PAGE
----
When a person gets bored, he either fantacize a joke or he sleeps. I like to try the former, with no malice towards anyone:
------------
The PM is chairing a top BN meeting to discuss preparation for the 12th General Election. The scene is at the PM’s department.

PM: So how’s the preparation for the GE? I’ll go around the table and please report your position. I start with MCA Chief Ong Ka Tim.

Ong: Semua ‘A-OK’, YAB. Taukeh-taukeh sudah janji 2 juta ringgit untuk Ang Pow kepada ‘voters’. Genting, 1/2 juta, Ananda 1/2 juta, Kuok 1/2 juta, GLC’s 1/2 juta.

PM: Thank you Kah Tim. Now let’s ask Semi Value. OK Semi, what have you got?

S.Value: Suma pun ada OK juga, YAB. Saya sudah minta suma Toll kompeni jangan naik itu toll selama anam bulan. Tiga bulan sebelum GE dan 3 bulan selepas. Kita beku suma kadar toll. Sikit pun tarak naik juga. Jika naik, kalu, semua agreement kita kensel itu jam juga. JKR kata suma steam roll sudah bersiap sedia tunggu nak turap suma jalan yang berlubang. Tunggu arahan saya saja.

PM: Bagus, bagus. Ya, thank you Sami. Now, back to UMNO. Kita mula dengan Khairy mewakili Pemuda UMNO.

KJ: Semua siap sedia Daddy. Setiap pemuda penggempur kita akan beri sebilah keris. Hishamuddin akan ajar silat gayung kepada setiap penggempur. Mereka akan mengamuk sebaik sahaja Daddy bagi arahan.

PM: Terima kasih Menantu beta, .... oops, maaf, menantu ku. OK sekarang bagaimana pula rancangan nak rampas Kelantan? Ini saya kena tanya Tok Pa.

Tok Pa: Semua dah beres, YAB. Kain pelikat sudah ditempah dari Madras, dan Jakarta. Mesin jahit ‘Singer’ sudah tiba di pelabuhan Kelang. Gula juga akan dihantar oleh Robert Kuok. Wang saku sudah dimasuk ke dalam envelop Maybank. Saya serah kepada Tan Sri Muhamad pula untuk menyambung...

Md Taib: Semua jentera siap sedia...minyak pelincir semua cukup...ai, tertidur pula orang tua ni...

PM: Zzzzzz........

Thursday, May 24, 2007

Hendak jadi popular, hinakan Perkhidmatan Awam?

Berdasarkan satu tulisan dalam Utusan Malaysia:

http://putraon9.wordpress.com/2007/05/25/penghinaan-kepada-melayu/
ADALAH sesuatu yang tidak memeranjatkan apabila DAP sekali lagi membawa isu yang menyentuh tentang kepentingan dan sensitiviti Melayu di Malaysia.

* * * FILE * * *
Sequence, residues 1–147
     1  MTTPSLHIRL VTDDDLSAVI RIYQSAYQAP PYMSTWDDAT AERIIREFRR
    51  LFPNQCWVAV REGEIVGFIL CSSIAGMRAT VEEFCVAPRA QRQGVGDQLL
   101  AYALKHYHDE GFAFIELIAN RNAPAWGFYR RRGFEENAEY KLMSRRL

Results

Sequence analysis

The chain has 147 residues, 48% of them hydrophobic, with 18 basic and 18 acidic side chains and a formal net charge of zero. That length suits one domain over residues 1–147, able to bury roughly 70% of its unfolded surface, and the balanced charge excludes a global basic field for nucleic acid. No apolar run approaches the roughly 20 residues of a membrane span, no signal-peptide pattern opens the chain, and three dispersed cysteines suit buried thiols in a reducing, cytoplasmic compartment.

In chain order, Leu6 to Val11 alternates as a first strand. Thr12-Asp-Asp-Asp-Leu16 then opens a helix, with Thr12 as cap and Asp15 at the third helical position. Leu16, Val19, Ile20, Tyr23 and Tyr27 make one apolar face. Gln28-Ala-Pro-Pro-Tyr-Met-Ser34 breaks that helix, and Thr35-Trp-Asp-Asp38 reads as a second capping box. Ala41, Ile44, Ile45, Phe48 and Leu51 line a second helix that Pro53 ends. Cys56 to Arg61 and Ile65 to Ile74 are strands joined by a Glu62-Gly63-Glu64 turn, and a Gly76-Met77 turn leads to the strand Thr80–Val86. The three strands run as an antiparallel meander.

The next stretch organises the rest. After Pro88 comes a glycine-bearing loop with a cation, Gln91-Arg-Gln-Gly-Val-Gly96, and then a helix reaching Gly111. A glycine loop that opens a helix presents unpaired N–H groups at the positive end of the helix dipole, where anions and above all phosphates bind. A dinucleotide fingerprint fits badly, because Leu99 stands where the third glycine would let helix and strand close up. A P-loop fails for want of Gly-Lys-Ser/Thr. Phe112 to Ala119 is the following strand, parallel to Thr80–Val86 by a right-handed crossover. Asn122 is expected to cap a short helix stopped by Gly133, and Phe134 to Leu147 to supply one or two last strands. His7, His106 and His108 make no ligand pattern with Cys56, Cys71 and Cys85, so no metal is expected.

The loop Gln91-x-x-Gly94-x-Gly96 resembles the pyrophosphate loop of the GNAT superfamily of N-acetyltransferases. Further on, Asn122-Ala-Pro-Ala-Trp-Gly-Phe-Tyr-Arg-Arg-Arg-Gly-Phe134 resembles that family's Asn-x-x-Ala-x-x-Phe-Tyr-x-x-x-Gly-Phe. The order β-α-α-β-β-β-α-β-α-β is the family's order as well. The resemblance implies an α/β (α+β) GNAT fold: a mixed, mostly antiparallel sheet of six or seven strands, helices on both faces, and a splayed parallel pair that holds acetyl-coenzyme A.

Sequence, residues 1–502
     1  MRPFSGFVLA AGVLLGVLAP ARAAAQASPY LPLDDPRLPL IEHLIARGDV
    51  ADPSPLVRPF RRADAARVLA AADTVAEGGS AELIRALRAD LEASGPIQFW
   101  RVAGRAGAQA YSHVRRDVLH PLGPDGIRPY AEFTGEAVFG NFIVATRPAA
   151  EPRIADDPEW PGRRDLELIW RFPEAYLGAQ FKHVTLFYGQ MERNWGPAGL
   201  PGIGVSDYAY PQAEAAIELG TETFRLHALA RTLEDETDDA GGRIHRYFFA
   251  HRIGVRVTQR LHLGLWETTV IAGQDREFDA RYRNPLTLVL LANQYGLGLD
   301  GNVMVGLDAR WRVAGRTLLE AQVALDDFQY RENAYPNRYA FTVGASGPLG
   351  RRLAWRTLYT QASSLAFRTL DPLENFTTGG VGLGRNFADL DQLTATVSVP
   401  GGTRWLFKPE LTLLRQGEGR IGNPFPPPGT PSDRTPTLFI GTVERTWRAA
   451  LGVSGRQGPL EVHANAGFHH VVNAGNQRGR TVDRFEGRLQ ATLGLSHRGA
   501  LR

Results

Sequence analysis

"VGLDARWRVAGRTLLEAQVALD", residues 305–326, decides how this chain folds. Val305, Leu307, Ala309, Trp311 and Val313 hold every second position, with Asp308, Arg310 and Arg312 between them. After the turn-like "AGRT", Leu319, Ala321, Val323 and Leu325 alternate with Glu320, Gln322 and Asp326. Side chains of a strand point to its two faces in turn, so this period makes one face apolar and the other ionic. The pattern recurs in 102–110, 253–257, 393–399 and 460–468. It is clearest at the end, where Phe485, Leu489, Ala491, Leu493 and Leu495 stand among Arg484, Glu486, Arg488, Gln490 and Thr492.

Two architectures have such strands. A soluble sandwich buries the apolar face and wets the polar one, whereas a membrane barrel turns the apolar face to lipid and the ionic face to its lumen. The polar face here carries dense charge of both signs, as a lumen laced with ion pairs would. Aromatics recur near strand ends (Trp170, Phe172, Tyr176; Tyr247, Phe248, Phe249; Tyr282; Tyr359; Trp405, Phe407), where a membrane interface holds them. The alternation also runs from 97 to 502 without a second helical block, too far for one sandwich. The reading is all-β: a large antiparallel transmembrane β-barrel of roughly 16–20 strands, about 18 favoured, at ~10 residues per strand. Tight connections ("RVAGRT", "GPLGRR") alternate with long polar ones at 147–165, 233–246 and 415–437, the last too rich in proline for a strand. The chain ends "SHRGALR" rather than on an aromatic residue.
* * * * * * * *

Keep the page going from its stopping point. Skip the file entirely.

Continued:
Melalui laman web Malaysiakini bertarikh 23 Mei, Penasihat Ekonomi kepada Setiausaha Agung DAP, Tony Pua membuat kenyataan bahawa penjawat awam hanya terdiri daripada orang Melayu yang mengalami masalah pengangguran.


Saya amat bersetuju dengan permintaan Naib Ketua Pergerakan Pemuda UMNO, Khairy Jamaluddin bahawa kenyataan Tony Pua yang disiarkan di Malaysiakini semalam bersifat menghina dan sangat angkuh terhadap lebih sejuta kakitangan awam di negara kita yang tercinta ini.

Kenyataan Tony Pua yang disiarkan di Malaysiakini berhubung dakwaan bahawa perkhidmatan awam hanyalah ‘tapak pembuangan bagi penganggur berijazah golongan Melayu’ – sememangnya satu pernyataan yang bersifat sangat sensitif dari segi politik.

Bukan sekadar pernyataannya yang bersifat sensitif, bahkan satu penghinaan kepada semua kakitangan awam di Malaysia, terutamanya kepada golongan bumiputera.

Tidakkah beliau tahu bahawa sekarang ini, peluang kemasukan ke dalam dunia pekerjaan sektor awam sudah semakin sengit dan banyak persaingannya? Sesi temu duga, ujian dan sebagainya semakin payah dan susah.

Malahan yang telah lulus ujian bertulis kerajaan di kalangan bumiputera sangat ramai tetapi masih belum mendapat panggilan temu duga dengan sektor awam tersebut.

Sememangnya, kenyataan Tony Pua itu langsung tidak berasas dan perlu ditolak sama sekali. Ini kerana buat pengetahuan beliau, ramai kakitangan awam sanggup melepaskan tawaran kerja dengan gaji dan manfaat yang lumayan di sektor swasta disebabkan mahu berkhidmat dan berbakti kepada negara.

Apatah lagi sekiranya ditawarkan gaji yang cukup lumayan di sektor swasta tetapi seringkali dianaktirikan oleh diskriminasi kaum di sektor swasta itu sendiri.

Cuba kita lihat sahaja di dalam persekitaran pekerjaan sektor swasta. Seringkali dipaparkan, iklan-iklan pekerjaan hanya meminta calon-calon yang mempunyai keupayaan untuk bertutur dalam bahasa Mandarin.

Apakah niat dan maksudnya ini? Bagaimana dengan peluang calon-calon yang tidak pernah berpeluang untuk mempelajari bahasa tersebut, terutamanya daripada kaum-kaum bumiputera lain di Malaysia?

Pembaca fikirkanlah, walaupun surat ini telah disiarkan pun, mereka masih terus dengan syarat mereka itu. Ini kerana, kerajaan kita sangat berlemah lembut dalam menangani isu tersebut.

Acap kali ditegur berkenaan perkara ini termasuk oleh Timbalan Perdana Menteri, Datuk Seri Najib Tun Razak. Tetapi perkara tersebut terus berleluasa dek kerana kebiadapan syarikat-syarikat yang meletakkan syarat tersebut sebagai salah satu syarat wajib mereka, yang jelas tidak menjaga hati dan sentimen kaum-kaum lain di Malaysia.

Tetapi, mengapakah perkara yang sedemikian tidak diambil peduli pula oleh Tony Pua?

Seperti mana yang telah diperkatakan oleh Khairy, sememangnya amat nyata sekali, Tony Pua hanya memperkecilkan kebolehan, jasa serta sumbangan kakitangan kerajaan kepada negara.